Ben holds both a bachelor’s degree and master’s degree in Game Design & Development from the Rochester Institute of Technology.
Erica Gibson, Ph.D.
Erica joined the Innovation Center team in January of 2015 with a background in medical anthropology. As the team Medical Ethnographer she is working with community members to better understand the experiences of older adults and the challenges that they face affecting their health and well-being. Medical ethnography allows deeper insight into the context and behaviors that impact people’s lives, which helps the team to design innovations that enhance health at the individual and community levels.
Erica earned her Ph.D in Anthropology from the University of Alabama in 2007. Prior to her work at the Innovation Center, she conducted cross-cultural research on pregnancy and birth experiences of women in the US, Italy, and Mexico while she was a professor of anthropology and women’s and gender studies.
Linette Fung, MBA, MS
Linette joined the Innovation Center from McKinsey & Company, where she worked as a management consultant in their health care practice. At McKinsey, her work with health and hospital systems focused on achieving growth through innovative approaches to partnering, service line optimization and provision of care for seniors and patients with chronic disease.
Linette holds a master’s degree in Molecular and Cellular Physiology from Stanford University, a master’s in business administration from the UCLA Anderson School of Management, and a bachelor’s degree in Molecular and Cellular Biology from Harvard University.
Executive Project Specialist
Prior to joining the Innovation Center team, Liz worked as a project coordinator for PAMF’s Personalized Health Care Program and as an implementation coordinator for the Electronic Health Record (EHR) Team. Liz earned a bachelor’s degree in Health Sciences from California State University, East Bay.
Program Development Specialist
Tiffany joined the Innovation Center team in January 2013 with a background in health and public policy. Her previous work focused on multiple topics, ranging from health education in the Office of the Surgeon General to health care policy and reform at the National Opinion Research Center and in the Office of Senator Dianne Feinstein. Aside from policy work, Tiffany also focused on social and private sector approaches to health and environmental issues through programs at the Stanford Graduate School of Business and the Stanford Earth Systems Program.
In her role at the Innovation Center and with linkAges, Tiffany works on a team to drive and support linkAges program development and provides operational support to the linkAges TimeBank.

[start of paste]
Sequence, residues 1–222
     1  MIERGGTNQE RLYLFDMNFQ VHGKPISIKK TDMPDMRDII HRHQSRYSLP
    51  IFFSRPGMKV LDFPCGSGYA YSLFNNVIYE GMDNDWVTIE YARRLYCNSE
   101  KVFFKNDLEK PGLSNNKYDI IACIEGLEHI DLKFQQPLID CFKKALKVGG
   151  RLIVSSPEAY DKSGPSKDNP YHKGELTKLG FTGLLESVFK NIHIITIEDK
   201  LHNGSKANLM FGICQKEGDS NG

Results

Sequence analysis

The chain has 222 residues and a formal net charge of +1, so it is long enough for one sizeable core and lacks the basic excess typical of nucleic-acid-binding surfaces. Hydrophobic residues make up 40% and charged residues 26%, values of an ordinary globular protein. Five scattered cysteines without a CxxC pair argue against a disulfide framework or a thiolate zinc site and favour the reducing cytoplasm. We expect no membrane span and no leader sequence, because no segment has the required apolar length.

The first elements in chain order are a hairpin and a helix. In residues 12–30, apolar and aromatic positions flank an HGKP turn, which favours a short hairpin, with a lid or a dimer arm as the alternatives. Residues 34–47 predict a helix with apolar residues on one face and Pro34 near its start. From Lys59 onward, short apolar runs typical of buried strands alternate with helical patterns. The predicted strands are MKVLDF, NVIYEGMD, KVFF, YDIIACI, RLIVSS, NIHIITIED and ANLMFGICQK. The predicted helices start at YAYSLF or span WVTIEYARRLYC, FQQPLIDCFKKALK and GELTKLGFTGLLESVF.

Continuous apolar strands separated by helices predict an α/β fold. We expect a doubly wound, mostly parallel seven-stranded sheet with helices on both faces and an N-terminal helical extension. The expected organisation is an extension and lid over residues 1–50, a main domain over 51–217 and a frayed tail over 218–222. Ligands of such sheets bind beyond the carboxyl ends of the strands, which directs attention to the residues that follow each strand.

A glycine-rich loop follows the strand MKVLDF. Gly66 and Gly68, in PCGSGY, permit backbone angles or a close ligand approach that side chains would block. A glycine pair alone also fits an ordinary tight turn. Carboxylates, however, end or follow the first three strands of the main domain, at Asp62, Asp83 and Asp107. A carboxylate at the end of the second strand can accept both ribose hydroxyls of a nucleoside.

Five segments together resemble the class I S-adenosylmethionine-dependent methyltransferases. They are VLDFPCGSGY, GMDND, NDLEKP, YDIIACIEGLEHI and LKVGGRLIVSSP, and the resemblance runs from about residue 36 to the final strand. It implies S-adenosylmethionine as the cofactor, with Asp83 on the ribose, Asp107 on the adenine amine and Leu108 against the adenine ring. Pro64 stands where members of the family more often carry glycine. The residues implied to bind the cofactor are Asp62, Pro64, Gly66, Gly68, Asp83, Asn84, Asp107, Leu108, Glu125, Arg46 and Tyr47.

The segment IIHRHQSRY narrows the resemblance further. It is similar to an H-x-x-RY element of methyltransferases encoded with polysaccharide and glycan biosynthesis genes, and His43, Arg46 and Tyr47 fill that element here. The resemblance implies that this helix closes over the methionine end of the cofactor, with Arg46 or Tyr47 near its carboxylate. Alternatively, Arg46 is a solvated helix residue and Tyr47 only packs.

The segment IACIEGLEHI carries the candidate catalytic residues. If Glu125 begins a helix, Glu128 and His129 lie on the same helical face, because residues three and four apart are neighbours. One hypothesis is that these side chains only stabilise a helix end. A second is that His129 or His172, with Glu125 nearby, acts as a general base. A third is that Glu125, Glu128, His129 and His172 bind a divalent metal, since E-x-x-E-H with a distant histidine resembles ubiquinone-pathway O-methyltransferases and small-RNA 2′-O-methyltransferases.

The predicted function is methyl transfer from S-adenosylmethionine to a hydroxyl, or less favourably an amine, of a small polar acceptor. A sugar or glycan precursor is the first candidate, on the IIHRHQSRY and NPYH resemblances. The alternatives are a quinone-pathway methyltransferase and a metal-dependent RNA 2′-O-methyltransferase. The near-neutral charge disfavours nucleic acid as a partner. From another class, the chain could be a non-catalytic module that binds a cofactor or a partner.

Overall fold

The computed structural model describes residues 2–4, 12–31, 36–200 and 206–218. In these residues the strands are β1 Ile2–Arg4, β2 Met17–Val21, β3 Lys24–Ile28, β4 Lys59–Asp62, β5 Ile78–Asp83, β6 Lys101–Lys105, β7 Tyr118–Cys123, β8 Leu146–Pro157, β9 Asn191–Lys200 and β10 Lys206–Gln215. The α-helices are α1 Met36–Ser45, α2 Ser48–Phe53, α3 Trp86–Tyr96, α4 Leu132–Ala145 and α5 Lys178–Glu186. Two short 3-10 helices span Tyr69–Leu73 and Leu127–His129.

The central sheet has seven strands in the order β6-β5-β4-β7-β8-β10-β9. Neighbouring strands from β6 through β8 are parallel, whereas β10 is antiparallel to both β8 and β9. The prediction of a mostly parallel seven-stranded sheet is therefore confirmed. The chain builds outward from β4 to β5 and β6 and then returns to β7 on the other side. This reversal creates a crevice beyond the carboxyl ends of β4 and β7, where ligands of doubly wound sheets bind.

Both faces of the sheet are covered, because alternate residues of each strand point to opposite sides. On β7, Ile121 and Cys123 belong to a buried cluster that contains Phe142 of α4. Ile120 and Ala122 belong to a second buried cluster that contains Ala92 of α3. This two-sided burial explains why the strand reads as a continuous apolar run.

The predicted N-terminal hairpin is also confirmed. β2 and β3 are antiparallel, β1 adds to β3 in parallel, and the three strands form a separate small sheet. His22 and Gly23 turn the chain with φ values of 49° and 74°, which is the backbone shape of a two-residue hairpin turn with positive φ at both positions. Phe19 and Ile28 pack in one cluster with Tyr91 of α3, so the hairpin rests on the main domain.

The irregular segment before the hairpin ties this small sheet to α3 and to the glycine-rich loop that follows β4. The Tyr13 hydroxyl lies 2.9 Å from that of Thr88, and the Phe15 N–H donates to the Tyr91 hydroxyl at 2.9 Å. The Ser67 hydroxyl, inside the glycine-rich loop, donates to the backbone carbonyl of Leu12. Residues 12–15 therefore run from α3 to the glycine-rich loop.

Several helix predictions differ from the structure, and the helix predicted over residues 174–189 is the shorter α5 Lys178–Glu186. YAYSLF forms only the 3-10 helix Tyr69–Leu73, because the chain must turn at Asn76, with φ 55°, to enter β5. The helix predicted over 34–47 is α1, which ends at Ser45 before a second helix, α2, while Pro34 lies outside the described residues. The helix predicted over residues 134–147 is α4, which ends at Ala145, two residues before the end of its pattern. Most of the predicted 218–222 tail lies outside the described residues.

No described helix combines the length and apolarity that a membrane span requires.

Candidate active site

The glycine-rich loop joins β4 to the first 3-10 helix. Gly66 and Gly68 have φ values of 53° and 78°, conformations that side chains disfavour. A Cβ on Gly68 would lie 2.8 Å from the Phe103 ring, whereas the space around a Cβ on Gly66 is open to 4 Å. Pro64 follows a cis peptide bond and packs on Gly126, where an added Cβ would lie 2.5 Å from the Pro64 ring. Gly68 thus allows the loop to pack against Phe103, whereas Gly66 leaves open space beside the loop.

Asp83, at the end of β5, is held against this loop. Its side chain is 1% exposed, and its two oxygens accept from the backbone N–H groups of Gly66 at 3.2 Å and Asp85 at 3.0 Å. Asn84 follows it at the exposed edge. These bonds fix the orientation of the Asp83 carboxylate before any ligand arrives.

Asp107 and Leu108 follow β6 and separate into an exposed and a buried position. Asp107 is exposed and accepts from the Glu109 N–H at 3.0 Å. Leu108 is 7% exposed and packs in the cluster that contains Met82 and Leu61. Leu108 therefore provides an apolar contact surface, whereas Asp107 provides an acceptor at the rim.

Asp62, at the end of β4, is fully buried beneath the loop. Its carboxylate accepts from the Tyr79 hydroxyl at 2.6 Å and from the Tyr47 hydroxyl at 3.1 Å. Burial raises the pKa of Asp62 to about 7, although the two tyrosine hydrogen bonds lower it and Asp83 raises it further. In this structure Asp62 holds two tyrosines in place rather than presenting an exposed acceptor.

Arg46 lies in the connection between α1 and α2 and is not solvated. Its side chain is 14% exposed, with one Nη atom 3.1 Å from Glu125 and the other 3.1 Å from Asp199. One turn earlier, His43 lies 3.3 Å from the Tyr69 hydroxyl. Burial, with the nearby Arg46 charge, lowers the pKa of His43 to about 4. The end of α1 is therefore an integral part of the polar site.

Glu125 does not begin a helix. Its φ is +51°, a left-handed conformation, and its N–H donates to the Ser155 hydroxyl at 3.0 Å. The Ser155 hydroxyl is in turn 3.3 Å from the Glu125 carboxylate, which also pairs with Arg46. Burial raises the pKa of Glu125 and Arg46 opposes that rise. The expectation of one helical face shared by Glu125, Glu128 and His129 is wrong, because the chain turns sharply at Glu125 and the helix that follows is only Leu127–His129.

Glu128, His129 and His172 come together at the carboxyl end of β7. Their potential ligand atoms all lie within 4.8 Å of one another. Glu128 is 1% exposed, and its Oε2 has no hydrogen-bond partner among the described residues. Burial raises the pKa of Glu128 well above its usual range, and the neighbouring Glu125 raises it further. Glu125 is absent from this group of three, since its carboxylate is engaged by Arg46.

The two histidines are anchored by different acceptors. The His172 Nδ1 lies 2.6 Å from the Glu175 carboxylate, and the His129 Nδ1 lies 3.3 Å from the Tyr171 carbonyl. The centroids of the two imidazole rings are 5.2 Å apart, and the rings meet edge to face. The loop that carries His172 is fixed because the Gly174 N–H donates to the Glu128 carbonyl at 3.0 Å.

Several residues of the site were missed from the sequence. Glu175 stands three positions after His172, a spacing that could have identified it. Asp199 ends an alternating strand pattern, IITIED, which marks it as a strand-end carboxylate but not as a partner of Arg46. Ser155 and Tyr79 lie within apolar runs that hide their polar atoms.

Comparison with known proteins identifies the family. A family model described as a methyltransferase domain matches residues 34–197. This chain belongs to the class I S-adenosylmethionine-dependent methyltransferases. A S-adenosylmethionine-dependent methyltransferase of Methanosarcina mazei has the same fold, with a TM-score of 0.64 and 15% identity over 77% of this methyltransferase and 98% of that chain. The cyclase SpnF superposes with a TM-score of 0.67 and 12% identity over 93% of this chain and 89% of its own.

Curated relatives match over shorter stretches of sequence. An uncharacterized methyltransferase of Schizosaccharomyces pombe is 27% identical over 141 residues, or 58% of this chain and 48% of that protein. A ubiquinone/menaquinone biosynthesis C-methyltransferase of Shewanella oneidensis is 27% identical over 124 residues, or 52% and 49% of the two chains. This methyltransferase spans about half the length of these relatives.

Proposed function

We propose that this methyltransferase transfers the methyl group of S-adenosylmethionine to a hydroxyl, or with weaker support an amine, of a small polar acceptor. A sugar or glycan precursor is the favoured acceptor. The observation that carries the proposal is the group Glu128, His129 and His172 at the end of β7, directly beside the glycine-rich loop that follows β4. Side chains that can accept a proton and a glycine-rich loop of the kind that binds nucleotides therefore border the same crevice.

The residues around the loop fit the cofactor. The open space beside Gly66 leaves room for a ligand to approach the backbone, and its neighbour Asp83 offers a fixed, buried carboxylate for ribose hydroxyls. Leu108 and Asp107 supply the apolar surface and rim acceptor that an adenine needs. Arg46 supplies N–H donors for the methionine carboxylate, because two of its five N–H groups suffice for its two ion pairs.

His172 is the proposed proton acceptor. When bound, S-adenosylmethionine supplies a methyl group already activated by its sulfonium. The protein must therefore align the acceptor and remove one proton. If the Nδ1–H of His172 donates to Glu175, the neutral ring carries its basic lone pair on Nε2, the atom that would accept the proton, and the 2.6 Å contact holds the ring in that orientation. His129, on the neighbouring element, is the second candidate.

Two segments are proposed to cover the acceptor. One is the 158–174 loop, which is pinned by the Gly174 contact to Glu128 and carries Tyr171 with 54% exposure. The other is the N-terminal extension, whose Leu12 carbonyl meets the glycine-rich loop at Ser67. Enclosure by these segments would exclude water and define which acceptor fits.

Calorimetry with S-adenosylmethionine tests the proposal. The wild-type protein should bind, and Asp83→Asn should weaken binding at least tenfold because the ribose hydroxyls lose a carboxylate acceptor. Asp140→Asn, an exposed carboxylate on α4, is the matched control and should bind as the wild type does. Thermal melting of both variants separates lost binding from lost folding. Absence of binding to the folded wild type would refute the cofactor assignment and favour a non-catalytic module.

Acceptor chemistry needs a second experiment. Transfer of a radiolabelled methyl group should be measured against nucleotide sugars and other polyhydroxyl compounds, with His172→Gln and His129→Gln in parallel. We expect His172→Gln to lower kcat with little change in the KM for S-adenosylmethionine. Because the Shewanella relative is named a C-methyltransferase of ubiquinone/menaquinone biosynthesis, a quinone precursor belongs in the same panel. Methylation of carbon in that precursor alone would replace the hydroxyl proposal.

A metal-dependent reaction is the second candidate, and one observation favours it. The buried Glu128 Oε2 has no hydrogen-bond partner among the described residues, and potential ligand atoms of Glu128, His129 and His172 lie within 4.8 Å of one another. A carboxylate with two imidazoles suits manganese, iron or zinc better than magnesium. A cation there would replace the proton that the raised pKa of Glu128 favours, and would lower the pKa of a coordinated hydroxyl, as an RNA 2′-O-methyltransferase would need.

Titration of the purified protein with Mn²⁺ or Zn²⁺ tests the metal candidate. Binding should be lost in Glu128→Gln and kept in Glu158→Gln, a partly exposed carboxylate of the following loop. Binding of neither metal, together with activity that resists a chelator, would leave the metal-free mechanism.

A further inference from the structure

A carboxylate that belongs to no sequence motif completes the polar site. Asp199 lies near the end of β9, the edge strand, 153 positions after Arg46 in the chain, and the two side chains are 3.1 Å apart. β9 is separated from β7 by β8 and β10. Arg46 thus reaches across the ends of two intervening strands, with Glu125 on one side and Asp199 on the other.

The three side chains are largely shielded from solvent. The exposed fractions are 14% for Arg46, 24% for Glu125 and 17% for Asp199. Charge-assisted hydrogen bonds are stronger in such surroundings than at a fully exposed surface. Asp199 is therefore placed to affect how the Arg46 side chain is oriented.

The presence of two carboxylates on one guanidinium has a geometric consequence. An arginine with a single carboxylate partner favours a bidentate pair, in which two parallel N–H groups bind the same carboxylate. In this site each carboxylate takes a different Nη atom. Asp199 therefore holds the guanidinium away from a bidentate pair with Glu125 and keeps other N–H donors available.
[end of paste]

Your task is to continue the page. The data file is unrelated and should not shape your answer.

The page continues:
Tiffany holds a master’s degree in Earth Systems, focusing on Environmental and Food Policy, and bachelor’s degree in Human Biology, concentrating on Health and Environmental Policy, from Stanford University
Senior Director Strategic Initiatives
Vandana specializes in creating and implementing scalable models for social impact and organizational growth. In her current engagement with the Druker Center, Vandana leads strategy, program deployment, operations and external relations to support upstream community health interventions. Prior to this she led strategic development at The Health Trust, a Silicon Valley-based operating foundation advancing solutions for health equity and wellness. Vandana also led strategy and development at Montalvo Arts Center, an international artists residency and multicultural arts organization. As a consultant, Vandana has led capacity building for diverse San Francisco Bay Area organizations. She currently serves on the Board of Art with Impact, a nationally growing nonprofit venture that promotes mental wellness by creating space for young people to learn and connect through art and media. She was previously on the Board of ORAM International, an advocacy organization focusing exclusively on refugees fleeing sexual and gender-based violence worldwide.
Vandana has a graduate degree in Mass Communications from the Mass Communications Research Center in New Delhi and an undergraduate degree in Psychology from Delhi University.
Hannah joined the Innovation Center in July 2016 with a background in public health science and health care administration. As the team’s Project Coordinator, Hannah facilitates the linkAges Advocates program, which connects undergraduate students with vulnerable seniors to reduce social isolation and improve health and wellbeing. The internship also provides passionate students with resources for professional development in the health care field.
Hannah graduated from Santa Clara University with a bachelor’s degree in Public Health Science. She participated in a health care ethics internship in addition to the linkAges Advocates program. For the past few years, Hannah worked at a health care start-up and various medical clinics and hospitals in the Bay Area.